As curators are interested in texts and dialogue they are regularly employed to curate talks at fairs – Nascimento did so at ArcoLisboa, as has Kouoh for the 1-54 Contemporary African Art Fairs. In introducing her programme she observed one year that – she takes care of the “mind business” while the dealers on the floor take care of the “money business”. Given Kouoh hails from a business and financial background – she doesn’t appear to have ever studied art history – she suggested that these two areas are “not incompatible” despite the fact she is “not interested in the art market or how it works.” Kouoh was also described as the ‘artistic director’ of 1-54.

Nkhensani Mkhari at RMB Latitudes 2023, photography by Anthea Pokroy

Kouoh doesn’t believe that there should be hard lines between different segments of the art ecosystem – particularly in the African context. 

“Many hardcore museum curators like to distance themselves from the art market. They pretend to be apart from it, yet at the same time they are also aware of the influence of the market. So my question always is: “If we are all to serve art and artists from various perspectives, why is it that we create so much exclusion?,” observed Kouoh in an interview with András Szántó for his book The Future of the Museum: 28 Dialogues (2020).

The role of the curator is undoubtedly shifting. In a conversation with Szántó one of the world’s most renowned curators, the Swiss-born Hans Ulrich Obrist suggests that “Given the genealogy of violence and injustice that is now widely acknowledged… museums have to unlearn the practices and behaviours that emerged from this condition and seek to build anew along antiracist and decolonized lines… at art fairs curators are not speaking back to a systemic injustice,” he concludes.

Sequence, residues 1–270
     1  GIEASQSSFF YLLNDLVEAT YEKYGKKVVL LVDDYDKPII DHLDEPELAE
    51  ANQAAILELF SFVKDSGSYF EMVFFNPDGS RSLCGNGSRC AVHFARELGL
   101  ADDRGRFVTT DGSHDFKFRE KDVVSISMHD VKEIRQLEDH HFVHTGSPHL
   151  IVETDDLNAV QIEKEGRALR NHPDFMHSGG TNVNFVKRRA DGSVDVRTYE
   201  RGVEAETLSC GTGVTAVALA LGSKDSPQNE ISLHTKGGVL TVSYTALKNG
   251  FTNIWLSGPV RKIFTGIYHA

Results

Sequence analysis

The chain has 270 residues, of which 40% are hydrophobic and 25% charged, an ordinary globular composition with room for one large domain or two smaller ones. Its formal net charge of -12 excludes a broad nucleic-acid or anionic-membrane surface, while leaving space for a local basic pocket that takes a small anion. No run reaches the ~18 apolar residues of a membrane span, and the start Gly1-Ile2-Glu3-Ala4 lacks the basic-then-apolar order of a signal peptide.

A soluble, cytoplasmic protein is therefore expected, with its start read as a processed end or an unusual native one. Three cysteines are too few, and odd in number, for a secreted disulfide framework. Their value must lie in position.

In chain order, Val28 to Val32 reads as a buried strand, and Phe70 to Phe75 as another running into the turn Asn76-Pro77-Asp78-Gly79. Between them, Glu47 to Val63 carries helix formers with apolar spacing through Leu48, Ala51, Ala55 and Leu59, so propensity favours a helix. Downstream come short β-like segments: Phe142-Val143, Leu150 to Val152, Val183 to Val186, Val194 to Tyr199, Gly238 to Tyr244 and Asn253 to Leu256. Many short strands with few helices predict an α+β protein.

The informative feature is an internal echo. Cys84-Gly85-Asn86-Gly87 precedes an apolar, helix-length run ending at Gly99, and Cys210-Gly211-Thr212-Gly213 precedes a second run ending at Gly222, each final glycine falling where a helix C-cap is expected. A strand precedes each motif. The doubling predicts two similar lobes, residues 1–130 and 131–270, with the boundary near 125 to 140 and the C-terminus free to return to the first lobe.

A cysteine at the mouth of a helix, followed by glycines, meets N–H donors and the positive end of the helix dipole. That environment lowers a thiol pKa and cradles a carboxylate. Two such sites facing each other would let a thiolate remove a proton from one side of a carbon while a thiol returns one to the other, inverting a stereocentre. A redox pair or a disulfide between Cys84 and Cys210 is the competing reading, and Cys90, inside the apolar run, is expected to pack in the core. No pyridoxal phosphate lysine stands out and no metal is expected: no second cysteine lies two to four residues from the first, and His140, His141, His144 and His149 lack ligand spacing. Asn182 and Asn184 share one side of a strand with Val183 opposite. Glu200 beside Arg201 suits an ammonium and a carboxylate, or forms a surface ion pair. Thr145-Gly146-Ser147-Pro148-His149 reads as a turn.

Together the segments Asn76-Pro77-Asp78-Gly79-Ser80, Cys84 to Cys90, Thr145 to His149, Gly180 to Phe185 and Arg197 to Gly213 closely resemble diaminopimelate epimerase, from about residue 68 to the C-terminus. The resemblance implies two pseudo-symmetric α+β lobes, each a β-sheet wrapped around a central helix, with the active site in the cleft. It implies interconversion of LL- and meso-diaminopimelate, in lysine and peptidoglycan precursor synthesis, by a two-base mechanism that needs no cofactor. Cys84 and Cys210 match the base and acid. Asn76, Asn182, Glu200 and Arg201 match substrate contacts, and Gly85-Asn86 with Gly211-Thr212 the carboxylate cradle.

After Tumelo Mosaka, the South African-born curator who left the country in the late nineties to study and work in the US, was appointed the “lead curator” at the Investec Cape Town Art Fair in 2017 he suggested that the primary goal of curating is to engage the public, societal issues, an overlooked topic, and commission, challenge and exchange ideas with artists. In truth his impact on this event was difficult to perceive, if at all, barring the establishment of the Today’s/Tommorrow section, which identifies overlooked artists and awards one of them. He said at the time that he had a preference for commissioning art that responds to a brief of his design, yet perhaps this only manifested in low-key performance works that took place at the fair. 

In this way prominent African curators are aligned to fairs but have little noticeable impact on them, however, this is often due to the nature of the roles they take on, which are sometimes limited to a special project or in an advisory capacity in which there is little latitude to apply their core skills.   

WonderBuhle Mbambo, ‘Another Strange Dream’, 2021, acrylic and metallic paint, 2180mm x 1450mm. Courtesy of BKhz

For some time curator Azu Nwagubugu was part of the selection committee for the Also Known as Africa Art Fair (AKAA) that takes place annually in Paris. He also was called upon by Latitudes to serve as a project advisory member. Curators such as Nwagubugu are ideal for these kinds of roles as he is not only viewed as independent but also has a wider knowledge about the kinds of developments happening in African art not only in Lagos but in the diaspora. Independent curator Armelle Dakouo, who has been involved in the Congo Biennale, serves as the artistic director for AKAA. This role perhaps entails dreaming up special projects. Ultimately, arts organisations that stage events should have an administrative and an artistic director, as there is often a clear separation between those that know how to manage an event successfully and those that understand art and its higher purpose. 

On the African continent where there is an absence of opportunities for curators, many of them have had to straddle the line between the work of “the business of the mind and the money”, as they often have to create their own platforms such as Nwagubugu – who established the LagosPhoto Festival – or Kouoh with Raw Materials in Senegal years before she was appointed the director of the Zeitz Museum of Contemporary African Art. In this way curating on the continent has entailed institution building – not necessarily driving discussions about art or commissioning artists, which is why many African curators tend to leave the continent to pursue careers elsewhere. For those that remain here, they make the best of opportunities that come their way.

- Corrigall is a Cape Town-based commentator, advisor and independent researcher